Women in Focus: How We Can Close the Salary Gap7:00 AM
Welcome to our first #WomenInFocus article! I wanted to start things off at the very beginning -- starting salary is one of the very first numbers you have to evaluate when beginning your career, and one of the very first times that being female really comes into play in your optometric career as a disadvantage. Review of Optometry's 2015 income survey showed that the average full-time salary for male optometrists was 68% higher than the average full-time salary for women. The average male OD made $171,603 and the average female OD made $117,020 last year. Obviously we have an uphill climb in our industry to close this pay gap. And Review of Optometry's numbers show the gap starts right from the beginning. The average salary of a full-time female optometrist practicing for less than 10 years was 16% lower than that of male ODs with the same experience.
How can we close the gap?
First, we have to admit the gap is real across our profession and talk about it -- in schools, at meetings, and in publications. I applaud Review of Optometry for reporting their data so carefully to prevent the gap in salary figures from being blown off as skewed data like so many articles I read when I first graduated. And then as women, we have to admit to ourselves that we're doing something wrong. Millennial women are often of the belief that the feminist battles have been won. The very idea that we may be treated differently than our male counterparts seems absurd. But then why don’t the numbers support our feelings of female equality being a forgone conclusion? The easiest explanation for what we can do to close the gap is to follow the lead of our male counterparts when it comes to income - bother to ask about your pay! Studies show that one of the biggest reasons women are paid less than men is because we don’t negotiate the initial offer of pay.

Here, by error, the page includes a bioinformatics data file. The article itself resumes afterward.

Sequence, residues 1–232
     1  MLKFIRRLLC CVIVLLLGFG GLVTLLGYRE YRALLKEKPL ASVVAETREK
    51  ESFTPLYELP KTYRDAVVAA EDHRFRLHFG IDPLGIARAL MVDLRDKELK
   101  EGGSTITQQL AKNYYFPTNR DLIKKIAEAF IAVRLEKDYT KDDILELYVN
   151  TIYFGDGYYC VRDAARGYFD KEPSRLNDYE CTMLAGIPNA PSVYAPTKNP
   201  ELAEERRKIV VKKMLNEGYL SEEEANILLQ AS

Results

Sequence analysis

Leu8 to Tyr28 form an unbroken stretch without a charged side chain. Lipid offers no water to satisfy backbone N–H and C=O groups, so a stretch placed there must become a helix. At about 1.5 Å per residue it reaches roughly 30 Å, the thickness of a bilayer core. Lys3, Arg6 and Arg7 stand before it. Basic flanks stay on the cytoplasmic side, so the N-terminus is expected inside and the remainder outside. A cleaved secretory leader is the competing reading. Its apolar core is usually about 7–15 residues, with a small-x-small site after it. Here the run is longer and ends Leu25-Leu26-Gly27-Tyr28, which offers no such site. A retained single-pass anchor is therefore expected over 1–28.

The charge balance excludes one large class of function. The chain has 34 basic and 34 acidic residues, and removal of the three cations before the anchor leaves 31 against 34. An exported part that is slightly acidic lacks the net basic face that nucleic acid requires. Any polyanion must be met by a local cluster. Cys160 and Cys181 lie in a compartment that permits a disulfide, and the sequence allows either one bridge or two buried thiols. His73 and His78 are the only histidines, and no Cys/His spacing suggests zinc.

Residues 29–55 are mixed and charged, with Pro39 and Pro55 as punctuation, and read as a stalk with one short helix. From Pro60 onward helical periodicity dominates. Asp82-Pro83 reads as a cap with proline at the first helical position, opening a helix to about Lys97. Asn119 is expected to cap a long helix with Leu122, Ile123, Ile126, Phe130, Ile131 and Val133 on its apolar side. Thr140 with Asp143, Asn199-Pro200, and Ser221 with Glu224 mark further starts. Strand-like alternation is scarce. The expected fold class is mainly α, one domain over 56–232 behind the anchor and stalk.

|Graduation day at SCO. I feel like this photo symbolizes|
optometry today. Male leaders in our profession are
passing the baton to our generation of female ODs,
but are we doing our part to grab hold?